And although Gabay is retiring, his practice won’t be going anywhere. Dr. Nabilah Kabir, a graduate of Skidmore College and New York Chiropractic College, will take over Gabay’s office on January 1, 2023. Kabir first began working with Gabay almost five years ago and has been working with the doctor to treat patients together and smoothen the transition in the new year.

“I had just graduated from chiropractic school. I wasn’t sure yet if I wanted to start on my own or if I wanted to associate with someone,” said Kabir of meeting Gabay. “I had come in to meet with Dr. Gabay, and he had needed some help when he was on vacation. He had me come in and start treating patients.”

“Nabilah’s kind of been my go-to individual when I needed help, and it was a really logical, easy transition, because a lot of the patients knew her already,” Gabay said. “She knows my practice style, how I do things. So when it came time to say, ‘OK, it’s finally time to retire,’ here we are.”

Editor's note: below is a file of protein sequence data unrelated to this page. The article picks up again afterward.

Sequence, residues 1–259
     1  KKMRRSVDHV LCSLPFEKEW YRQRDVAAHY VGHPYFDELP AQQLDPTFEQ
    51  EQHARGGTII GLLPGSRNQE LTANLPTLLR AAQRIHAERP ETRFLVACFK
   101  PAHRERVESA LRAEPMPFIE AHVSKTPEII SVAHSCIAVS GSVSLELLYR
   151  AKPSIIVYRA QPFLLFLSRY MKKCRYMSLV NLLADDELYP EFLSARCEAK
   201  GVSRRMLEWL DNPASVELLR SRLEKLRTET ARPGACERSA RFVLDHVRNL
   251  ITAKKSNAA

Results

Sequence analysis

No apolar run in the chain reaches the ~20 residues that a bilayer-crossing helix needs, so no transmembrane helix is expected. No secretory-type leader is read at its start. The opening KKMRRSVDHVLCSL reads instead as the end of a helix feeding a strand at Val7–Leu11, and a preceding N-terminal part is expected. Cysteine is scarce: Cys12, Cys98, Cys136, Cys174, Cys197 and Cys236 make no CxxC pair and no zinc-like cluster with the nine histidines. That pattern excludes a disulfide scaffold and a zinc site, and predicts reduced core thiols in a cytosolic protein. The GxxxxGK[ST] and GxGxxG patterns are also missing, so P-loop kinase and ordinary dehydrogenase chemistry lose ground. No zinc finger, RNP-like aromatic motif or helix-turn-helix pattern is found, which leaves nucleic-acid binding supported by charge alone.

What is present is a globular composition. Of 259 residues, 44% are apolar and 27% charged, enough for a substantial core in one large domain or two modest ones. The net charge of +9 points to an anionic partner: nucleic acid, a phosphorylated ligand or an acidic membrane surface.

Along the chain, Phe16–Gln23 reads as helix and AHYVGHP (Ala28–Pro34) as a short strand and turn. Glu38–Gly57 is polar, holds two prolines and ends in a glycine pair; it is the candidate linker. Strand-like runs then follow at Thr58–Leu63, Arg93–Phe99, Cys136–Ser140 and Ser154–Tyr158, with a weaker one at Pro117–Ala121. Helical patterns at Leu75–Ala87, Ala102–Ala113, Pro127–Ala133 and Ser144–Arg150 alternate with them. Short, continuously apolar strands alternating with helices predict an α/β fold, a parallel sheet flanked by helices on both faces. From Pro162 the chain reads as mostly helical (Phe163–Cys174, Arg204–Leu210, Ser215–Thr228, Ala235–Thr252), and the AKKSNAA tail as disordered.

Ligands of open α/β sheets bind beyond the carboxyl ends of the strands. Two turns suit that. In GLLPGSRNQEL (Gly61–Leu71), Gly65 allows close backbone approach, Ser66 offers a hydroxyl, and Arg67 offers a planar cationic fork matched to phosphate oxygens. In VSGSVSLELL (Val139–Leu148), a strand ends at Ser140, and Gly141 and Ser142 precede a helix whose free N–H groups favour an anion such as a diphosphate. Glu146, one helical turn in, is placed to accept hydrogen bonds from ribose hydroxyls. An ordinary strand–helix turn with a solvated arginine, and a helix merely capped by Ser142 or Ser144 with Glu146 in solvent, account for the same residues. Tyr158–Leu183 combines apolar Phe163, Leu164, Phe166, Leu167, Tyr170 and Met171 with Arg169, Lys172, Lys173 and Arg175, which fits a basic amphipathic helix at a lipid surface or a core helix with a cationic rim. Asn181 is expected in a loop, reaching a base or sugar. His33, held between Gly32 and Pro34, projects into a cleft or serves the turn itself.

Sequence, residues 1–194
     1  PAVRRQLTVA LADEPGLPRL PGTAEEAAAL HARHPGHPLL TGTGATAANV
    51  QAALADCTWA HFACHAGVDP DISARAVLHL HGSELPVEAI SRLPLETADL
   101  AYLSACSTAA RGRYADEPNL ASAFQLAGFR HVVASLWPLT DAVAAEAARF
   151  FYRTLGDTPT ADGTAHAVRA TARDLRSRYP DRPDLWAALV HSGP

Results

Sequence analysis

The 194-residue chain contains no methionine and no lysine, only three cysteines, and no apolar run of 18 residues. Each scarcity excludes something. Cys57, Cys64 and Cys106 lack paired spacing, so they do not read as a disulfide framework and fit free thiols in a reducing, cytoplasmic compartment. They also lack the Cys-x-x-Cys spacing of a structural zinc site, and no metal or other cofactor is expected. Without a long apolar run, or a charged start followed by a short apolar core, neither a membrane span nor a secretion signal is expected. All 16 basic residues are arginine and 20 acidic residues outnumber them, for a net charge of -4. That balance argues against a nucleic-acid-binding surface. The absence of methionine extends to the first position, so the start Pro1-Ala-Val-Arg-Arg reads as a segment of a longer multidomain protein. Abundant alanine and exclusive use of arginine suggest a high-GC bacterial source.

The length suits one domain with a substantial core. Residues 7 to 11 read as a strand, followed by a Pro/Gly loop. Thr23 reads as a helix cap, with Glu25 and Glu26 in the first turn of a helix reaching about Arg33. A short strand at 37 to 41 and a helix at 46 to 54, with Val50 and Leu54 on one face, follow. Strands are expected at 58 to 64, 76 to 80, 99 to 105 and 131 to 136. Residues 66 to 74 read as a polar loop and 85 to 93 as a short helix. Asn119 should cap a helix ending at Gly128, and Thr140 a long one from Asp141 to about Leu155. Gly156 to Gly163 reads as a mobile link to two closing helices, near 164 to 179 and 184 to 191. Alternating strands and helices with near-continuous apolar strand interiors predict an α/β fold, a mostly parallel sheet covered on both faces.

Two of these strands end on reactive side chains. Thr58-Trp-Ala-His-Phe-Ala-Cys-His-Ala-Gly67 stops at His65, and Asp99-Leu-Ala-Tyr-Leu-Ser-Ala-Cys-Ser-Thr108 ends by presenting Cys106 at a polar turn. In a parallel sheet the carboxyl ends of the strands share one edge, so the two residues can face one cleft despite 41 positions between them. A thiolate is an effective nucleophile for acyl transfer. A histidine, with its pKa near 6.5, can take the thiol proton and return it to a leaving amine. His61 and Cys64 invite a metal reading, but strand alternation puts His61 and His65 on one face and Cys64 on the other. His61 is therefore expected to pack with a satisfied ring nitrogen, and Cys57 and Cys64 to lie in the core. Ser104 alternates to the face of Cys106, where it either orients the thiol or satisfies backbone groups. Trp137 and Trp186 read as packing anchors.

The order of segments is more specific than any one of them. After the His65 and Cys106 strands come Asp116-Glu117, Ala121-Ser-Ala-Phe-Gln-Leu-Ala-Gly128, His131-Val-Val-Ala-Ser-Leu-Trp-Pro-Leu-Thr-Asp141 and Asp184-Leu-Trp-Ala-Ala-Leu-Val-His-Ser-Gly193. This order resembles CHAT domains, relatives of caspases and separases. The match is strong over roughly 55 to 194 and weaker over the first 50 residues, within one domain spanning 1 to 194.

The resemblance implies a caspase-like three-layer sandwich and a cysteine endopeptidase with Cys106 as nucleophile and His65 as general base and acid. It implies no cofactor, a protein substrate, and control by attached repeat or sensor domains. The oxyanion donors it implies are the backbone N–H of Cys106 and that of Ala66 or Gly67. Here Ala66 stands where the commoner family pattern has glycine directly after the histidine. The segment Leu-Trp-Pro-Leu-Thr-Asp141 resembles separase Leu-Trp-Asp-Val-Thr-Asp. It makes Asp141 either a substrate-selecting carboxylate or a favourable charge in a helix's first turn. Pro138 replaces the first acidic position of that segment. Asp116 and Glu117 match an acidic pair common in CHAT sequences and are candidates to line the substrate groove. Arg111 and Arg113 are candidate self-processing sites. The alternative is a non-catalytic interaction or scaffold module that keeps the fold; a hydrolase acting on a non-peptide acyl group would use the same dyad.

Gabay said “99%” of his patients are happy with the transition, noting that continuity is important in the field. 

Kabir lived in Bangladesh for 10 years, she said, and also spent part of her childhood in the Town of Berlin before graduating from Troy High School. She runs her own practice in Clifton Park, saying she is transitioning her patients to Gabay’s office at 550 Maple Avenue. 

After more than 40 years of experience, Gabay said one thing he has learned is to “listen to the patient.”